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Roads investment must come with a shift in aesthetic attitudes

Just before Christmas the government announced a £15bn programme to triple road investment by the end of the decade.

This is not only a great opportunity to mend potholes, build new capacity and reduce congestion.

It’s also a chance to put decades of ugly and ubiquitous road design behind us, and start afresh with a new vision – one where form is as important as function and aesthetics, architecture and the interaction between roads and the environment are primary considerations.

Change is long overdue.

As our road network developed, we seemed to stop caring about how it looked or if it blended with the landscape.

“It’s a chance to put decades of ugly and ubiquitous road design behind us, and start afresh with a new vision”

Planners, engineers and architects spoke different languages, and projects were fast-tracked.

We allowed substandard, drab design to proliferate, until it became the norm.

Best of both

Today, offering either an effective transport system or a clean environment is a false choice.

Through the Roads Investment Strategy, we can instil new design principles at the start of infrastructure development, so aesthetics and environmental issues are prioritised alongside engineering issues.

We can benefit from advances in green technologies and construction techniques – from false cuttings and quieter tarmac to better noise barriers.

By involving different groups at an earlier stage, we can speed up the planning process for major schemes by securing consensus.

“I want every project to be rooted in its locality, reflecting and enhancing the natural landscape”

This would actually save money in the long run.

Our goal must always be to integrate roads into their surroundings – flowing with the landscape, or concealing structures where possible.

Roads should be environmental assets and carry cleaner, greener vehicles. Bridges should be beautiful. Biodiversity must be preserved.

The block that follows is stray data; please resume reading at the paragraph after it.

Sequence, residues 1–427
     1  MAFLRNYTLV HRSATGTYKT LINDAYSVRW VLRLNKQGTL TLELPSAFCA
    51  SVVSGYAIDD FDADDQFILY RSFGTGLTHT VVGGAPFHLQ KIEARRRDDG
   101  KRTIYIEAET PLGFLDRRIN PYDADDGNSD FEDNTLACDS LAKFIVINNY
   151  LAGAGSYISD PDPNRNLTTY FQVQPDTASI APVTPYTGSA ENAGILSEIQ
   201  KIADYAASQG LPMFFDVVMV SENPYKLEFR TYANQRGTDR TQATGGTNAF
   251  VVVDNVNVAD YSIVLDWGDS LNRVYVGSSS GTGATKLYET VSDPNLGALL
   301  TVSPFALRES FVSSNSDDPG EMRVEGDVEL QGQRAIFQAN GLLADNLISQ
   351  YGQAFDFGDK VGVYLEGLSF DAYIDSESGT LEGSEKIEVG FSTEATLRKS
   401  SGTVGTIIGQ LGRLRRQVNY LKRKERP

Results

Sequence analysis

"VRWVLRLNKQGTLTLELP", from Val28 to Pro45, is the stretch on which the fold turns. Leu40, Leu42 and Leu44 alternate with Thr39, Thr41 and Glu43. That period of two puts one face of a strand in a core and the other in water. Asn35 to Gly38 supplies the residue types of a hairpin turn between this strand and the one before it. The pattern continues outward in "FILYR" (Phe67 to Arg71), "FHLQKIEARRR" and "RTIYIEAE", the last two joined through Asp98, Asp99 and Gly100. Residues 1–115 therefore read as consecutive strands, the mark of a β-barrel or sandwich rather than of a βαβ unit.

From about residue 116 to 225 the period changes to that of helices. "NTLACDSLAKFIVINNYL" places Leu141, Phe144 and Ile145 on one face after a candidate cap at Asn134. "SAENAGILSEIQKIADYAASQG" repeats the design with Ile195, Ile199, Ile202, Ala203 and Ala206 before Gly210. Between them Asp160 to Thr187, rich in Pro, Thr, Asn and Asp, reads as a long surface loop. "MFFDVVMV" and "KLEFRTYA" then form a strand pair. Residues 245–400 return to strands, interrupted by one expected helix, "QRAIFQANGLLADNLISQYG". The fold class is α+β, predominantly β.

Highway showcase

There are some fantastic examples of what can be achieved.

The Hindhead A3 scheme didn’t just protect the surrounding countryside; it enhanced it, creating the largest area of lowland heath in southern Britain.

I understand this is a massive task. That’s why I’ve made a number of practical proposals.

First, I want every project to be rooted in its locality, reflecting and enhancing the natural landscape.

This is about giving communities greater ownership of schemes that are going to affect their lives, as well as giving more character to the road network.

Second, we need a more inclusive approach to working with contractors and industry partners.

The integrity of the relationship between highways authorities, councils, architects and other industry bodies is of paramount importance so that they work together, rather than in silos.

“We need a more inclusive approach to working with contractors and industry partners”

Third, I want to create a roads Design Panel – just as we have with Crossrail and High Speed 2 – including organisations with different interests, from countryside groups to engineers, local planners and suppliers.

Supporting this process will be a new set of principles incorporated into the Design Manual for Roads and Bridges.

Finally, I want to foster a new appreciation for industry best practice and to make clear that increasing road capacity and smoothing traffic flow are not the sum total of our ambitions.

What I’m proposing is a fundamental shift to undo the most intrusive road design of the past 50 years and create new aesthetic values that reflect and even magnify the beauty of the landscape.

John Hayes MP is the minister for transport

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